Fifth Circuit Holds Avoidance Actions Can Be Sold

Joining the Eighth and Ninth Circuit Courts of Appeals, the Fifth Circuit Court of Appeals recently held that a debtor or trustee can sell its avoidance actions to third-party, non-estate representatives.   See Briar Capital Working Fund Capital, L.L.C. v. Remmert (In re South Coast Supply Company), No. 22-20536 (5th Cir. Jan. 22, 2024) (Dennis, J).  While the opinion specifically addresses preference actions, the rationale in the opinion applies equally to fraudulent transfer actions.  Thus, all avoidance actions should be covered by this holding.

The opinion highlights that there are different mechanisms in the Bankruptcy Code to liquidate estate assets.  One method involves appointing an estate representative, like a liquidating trustee, to liquidate assets; another method, a 363 sale, does not.

The facts of the case further illustrates that the sale of avoidance actions can be utilized in cases where a debtor or trustee are attempting to create value for constituencies who would otherwise not be entitled to a recovery.  In South Coast, with the ability to sell its avoidance action, the debtor was able to raise $700,000 for unsecured creditors from sale proceeds that were otherwise fully encumbered.


South Coast Supply Company (the “South Coast” or “Debtor“) was an industrial parts distributor that began experiencing financial trouble in 2016.  As a result, it was forced to borrow $800,000 from its then Chief Financial Officer, Robert Remmert (the “CFO“), pursuant to a loan agreement.  Prior to filing bankruptcy, South Coast had repaid the CFO $320,628.04 on the loan, leaving a remaining loan balance of $578,199.04. The CFO eventually resigned from South Coast and subsequently demanded that the Debtor pay, at least, 70% of the remaining loan balance, in satisfaction of this debt.  Days later, South Coast filed for chapter 11 bankruptcy relief.

After filing, the Debtor commenced an avoidance action against the CFO, seeking to avoid and recover approximately $300,000 in prepetition payments made on the CFO’s loan as preferential transfers to an insider.  South Coast later found value in this lawsuit in a nontraditional fashion.

As further context, at the time South Coast filed bankruptcy, Briar Capital Working Fund Capital, L.L.C. (“Briar Capital“) was the sole secured lender, asserting a claim of approximately $2.6 million, which was secured by collateral estimated to be worth approximately $3.9 million.  Thus, Briar Capital was oversecured, entitling it to recover postpetition interest and legal fees pursuant to section 506(b) of the Bankruptcy Code.

Five months into the bankruptcy, South Coast sought postpetition, secured financing (the “DIP Financing“), because it was not generating enough cash to remain liquid and cash-flow positive.  Finding that Briar Capital was adequately protected under section 364(d) of the Bankruptcy Code, the bankruptcy court approved the DIP Financing on terms that gave (a) Briar Capital lien priority over property obtained by the Debtor before the DIP Financing and (b) the DIP Financing lender lien priority over property obtained after the DIP Financing.

South Coast subsequently filed a chapter 11 plan that proposed to sell its intangible assets, including intellectual property, to the DIP Financing lender for approximately $700,000, $500,000 of which would be distributed to unsecured creditors and the remainder to administrative priority claims.  The original plan also proposed to surrender certain of Briar Capital’s collateral to satisfy its secured claim, but did not otherwise propose to reimburse Briar Capital administrative expenses incurred in participating in the bankruptcy proceeding, notwithstanding the mandates of section 506(b).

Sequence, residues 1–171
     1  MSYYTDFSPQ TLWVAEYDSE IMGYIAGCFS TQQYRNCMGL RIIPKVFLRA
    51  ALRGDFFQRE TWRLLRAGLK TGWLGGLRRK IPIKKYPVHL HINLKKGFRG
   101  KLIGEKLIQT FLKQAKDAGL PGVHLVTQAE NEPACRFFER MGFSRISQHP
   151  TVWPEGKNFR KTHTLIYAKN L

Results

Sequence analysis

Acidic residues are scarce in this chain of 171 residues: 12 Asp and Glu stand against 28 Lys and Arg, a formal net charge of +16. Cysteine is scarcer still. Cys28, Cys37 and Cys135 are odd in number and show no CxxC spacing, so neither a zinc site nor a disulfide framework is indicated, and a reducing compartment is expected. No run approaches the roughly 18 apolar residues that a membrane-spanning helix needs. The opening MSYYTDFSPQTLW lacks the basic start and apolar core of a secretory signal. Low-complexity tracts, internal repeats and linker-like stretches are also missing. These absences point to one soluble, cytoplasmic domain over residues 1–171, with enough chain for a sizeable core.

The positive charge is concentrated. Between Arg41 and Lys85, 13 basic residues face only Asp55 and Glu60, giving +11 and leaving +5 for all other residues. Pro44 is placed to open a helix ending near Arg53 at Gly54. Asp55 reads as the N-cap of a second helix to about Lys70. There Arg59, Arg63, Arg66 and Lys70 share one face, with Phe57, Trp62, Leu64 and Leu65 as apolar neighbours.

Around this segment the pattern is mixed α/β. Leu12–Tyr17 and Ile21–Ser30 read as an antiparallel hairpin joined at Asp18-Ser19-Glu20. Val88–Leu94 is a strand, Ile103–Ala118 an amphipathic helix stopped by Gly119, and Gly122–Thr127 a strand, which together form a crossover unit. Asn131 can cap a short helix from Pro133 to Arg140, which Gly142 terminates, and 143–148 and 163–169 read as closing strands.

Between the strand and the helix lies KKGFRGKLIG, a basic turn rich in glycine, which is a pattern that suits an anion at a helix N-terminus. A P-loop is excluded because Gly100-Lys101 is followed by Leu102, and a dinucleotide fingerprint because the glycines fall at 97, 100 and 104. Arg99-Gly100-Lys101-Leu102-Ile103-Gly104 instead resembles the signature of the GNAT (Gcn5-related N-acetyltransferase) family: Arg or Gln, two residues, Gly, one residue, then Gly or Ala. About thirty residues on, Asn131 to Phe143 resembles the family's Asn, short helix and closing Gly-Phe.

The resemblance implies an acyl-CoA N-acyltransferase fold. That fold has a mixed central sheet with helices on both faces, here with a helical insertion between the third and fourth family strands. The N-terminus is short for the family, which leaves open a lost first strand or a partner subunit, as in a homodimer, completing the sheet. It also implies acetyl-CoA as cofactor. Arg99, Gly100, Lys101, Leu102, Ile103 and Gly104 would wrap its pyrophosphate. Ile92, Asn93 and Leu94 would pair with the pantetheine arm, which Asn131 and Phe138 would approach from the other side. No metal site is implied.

After Briar Capital objected to the plan’s treatment of its secured claim, the Debtor modified its plan to provide that (a) Briar Capital would abandon its security interest in the $700,000 of sale proceeds and waive its administrative claims and (b) in return, the Debtor would transfer its preference claim against the former CFO to Briar Capital.  This plan settlement allowed the Debtor to provide a $700,000 distribution to unsecured creditors and administrative claimants (other than Briar Capital).

The bankruptcy court ultimately confirmed the modified plan, entering an order that (a) assigned and conveyed to Briar Capital the preference claims against the former CFO, (b) authorized Briar Capital to prosecute such claims on behalf of the bankruptcy estate and (c) conferred to Briar Capital 100% of any recoveries from the preference action.

Shortly before the trial on the preference action, the district court granted the former CFO’s motion to dismiss the action based on a lack of standing, because Briar Capital was not an estate representative and any recovery thereof would not benefit the Debtor’s estate or its unsecured creditors.


On appeal, acknowledging the lack of precedence in the Fifth Circuit, the Court ultimately held that preference actions can be sold to third-party, non-estate representatives pursuant to the plain language of the Bankruptcy Code.

The Fifth Circuit started its analysis by reasoning that, as a general matter, section 363(b)(1) of the Bankruptcy Code allows a debtor in possession to sell “property of the estate.”  The main restriction under this provision is that a bankruptcy sale maximize value to creditors.

The Court then found that section 541(a)(1) of the Bankruptcy Code, which construes “property of the estate,” is a very broad provision that is intended to cover all types of prepetition property rights and interests of a debtor, including “any property made available to the estate by other provisions of the Bankruptcy Code” and causes of action.  Citing In re Kemp, 52 F.3d 546, 550 (5th Cir. 1995) (finding section 541 covers all types of property interests); In re Greenshaw Energy, Inc., 359 B.R. 636, 642 (Bankr. S.D. Tex. 2007) (citing In re Equinox Oil Co., 300 F.3d 614, 618 (5th Cir. 2002) (“Section 541 is read broadly and is interpreted to ‘include all kinds of property, including tangible or intangible property’ [and] causes of action[.]”)).